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Chapter IV        Microcontrollers

Our general approach: Take advantage of the three previous chapters to learn to to develop microcontroller-based projects:

FSM

(Visio drawings)


We have our own CSD coding style, the same way that we have our VHDL coding style:

PROGRAMMING STYLE, STANDARDS, AND GUIDELINES (*)

Using the C language to write source code is just part of the entire software development process. There are many considerations that fall outside of writing the code and the desired operation of a program. These considerations include:

• Readability and maintainability of the software

• A documented development process

• Project management

• Quality control and meeting outside requirements such as ISO9001 and ISO9003

• Configuration management and revision control

• Design-rule and code-style requirements of your company or organization

• Verification and validation processes to meet medical and industrial requirements

• Hazard analysis

As you begin to develop code for products and services that are released into the marketplace, these aspects will become as much or more a part of the development process as writing the actual operating software. Many companies have software “style guides” that define how the software should be physically structured. Items such as header block format, bracket and parentheses placement, naming conventions for variables and definitions, and rules for variable types and usage will be outlined. This may sound a bit ominous, but once you begin writing using a defined style and development criteria, you will find it easier to collaborate and share effort with others in your organization, and you will have fewer errors in your code from the outset, as well.

(*) Source: Barnett, R.,  O’Cull, L., Cox, S., "Embedded C Programming and the Atmel AVR", 2nd edition, DELMAR CENGAGE Learning, 2007, ISBN-13: 978-1-4180-3959-2, pp 81.

The example below shows how may be controlled a home appliance like the washing machine as a FSM, the alternative to the classic flow chart. In this way, in this Chapter 4 the same FSM design strategy will be required, but for microcontrollers instead of PLD. Picture source: Wilmshurst, T., "Designing Embedded Systems with PIC Microcontrollers, Principles and applications", Elsevier, 2007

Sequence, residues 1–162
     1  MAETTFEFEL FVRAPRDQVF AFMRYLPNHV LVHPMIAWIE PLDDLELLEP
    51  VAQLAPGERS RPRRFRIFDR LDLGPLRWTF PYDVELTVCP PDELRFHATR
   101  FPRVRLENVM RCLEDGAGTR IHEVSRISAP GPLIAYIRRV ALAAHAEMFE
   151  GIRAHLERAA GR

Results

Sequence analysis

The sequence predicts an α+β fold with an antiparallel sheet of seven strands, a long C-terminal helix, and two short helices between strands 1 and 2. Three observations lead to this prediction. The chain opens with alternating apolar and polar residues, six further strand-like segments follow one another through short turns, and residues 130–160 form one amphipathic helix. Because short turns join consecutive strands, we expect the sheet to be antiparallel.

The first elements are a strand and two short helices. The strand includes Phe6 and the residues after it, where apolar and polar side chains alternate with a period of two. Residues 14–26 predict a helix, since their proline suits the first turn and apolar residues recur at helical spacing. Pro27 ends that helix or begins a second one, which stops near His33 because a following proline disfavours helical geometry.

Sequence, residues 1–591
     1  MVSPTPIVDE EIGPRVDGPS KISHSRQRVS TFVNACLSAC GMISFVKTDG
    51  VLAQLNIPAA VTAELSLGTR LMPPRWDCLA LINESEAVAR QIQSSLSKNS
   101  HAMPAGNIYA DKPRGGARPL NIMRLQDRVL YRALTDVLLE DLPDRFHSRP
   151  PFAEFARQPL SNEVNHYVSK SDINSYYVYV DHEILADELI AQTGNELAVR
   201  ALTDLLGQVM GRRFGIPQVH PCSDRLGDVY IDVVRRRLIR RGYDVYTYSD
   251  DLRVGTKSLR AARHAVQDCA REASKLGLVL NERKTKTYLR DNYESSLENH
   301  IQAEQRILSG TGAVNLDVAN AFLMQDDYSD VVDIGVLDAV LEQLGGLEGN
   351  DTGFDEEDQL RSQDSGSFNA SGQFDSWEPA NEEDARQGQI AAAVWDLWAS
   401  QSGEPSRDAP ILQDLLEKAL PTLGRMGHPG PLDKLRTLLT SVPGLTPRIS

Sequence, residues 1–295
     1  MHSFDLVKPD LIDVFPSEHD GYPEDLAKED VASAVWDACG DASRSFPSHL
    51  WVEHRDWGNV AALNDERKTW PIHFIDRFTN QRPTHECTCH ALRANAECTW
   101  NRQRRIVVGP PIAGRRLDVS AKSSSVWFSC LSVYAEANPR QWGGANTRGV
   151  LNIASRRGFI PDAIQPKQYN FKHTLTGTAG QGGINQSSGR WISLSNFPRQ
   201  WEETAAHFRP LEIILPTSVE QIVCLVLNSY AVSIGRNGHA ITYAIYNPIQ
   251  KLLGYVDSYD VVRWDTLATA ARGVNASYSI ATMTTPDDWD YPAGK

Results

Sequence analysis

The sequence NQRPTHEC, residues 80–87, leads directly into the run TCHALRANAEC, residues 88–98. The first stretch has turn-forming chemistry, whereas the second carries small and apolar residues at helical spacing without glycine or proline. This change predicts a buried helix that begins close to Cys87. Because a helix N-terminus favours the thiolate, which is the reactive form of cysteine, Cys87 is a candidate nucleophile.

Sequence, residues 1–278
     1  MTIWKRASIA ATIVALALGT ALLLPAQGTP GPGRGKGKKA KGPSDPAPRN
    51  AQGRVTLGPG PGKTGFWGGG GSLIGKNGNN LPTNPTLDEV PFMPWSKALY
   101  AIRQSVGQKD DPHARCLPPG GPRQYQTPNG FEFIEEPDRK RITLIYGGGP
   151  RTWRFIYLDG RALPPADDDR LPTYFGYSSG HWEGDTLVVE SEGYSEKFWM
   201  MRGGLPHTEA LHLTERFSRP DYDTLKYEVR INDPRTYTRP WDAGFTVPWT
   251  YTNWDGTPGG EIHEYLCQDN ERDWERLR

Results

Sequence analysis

Whasing machine

Units

Unit 4.1. Self-directed learning skills.

Unit 4.2. Architecture of a microcontroller system: Microprocessor (CPU) + Program memory + Input/output.

Unit 4.3. Commercial microcontrollers: Microchip PIC, Atmel AVR, Philips/Intel (and others)  8051.

Unit 4.4. Microchip families of PIC16F /PIC18F microcontrollers. Installing MPLAB. Example program in assembler.  Atmel ATMega family of microcontrollers. Installing Atmel Studio. Example program in C from the web.

Unit 4.5. Digital Input/Output pins. Polling techniques for reading inputs. Examples programs in C language.

Unit 4.6. Microchip MPLAB XC8 C Compiler. Examples programs in C language.

Unit 4.7. Example of a project running in a PICDEM 2 plus board.

Unit 4.8. In circuit debugger / Programmers ICD2/ICD3.

Unit 4.9. Tutorial on the CSD FSM-like programming style. Using interrupt-driven techniques to handle push-buttons and other peripherals.

Unit 4.10. Real time using Timer 0.

Unit 4.11. Using the LCD display.

Unit 4.12. Timer 1.

Unit 4.13. Analogue to digital (A/D) converter.

Unit 4.14. Timer 2.

Unit 4.15.Asynchronous communication UART - RS232 . Communicating the embedded system to host computers. LabView - LabWindowsCVI. 

Unit 4.16. I2C/SPI synchronous buses.

Unit 4.17. CAPTURE/COMPARE/PWM modules.

Unit 4.18. Comparator module.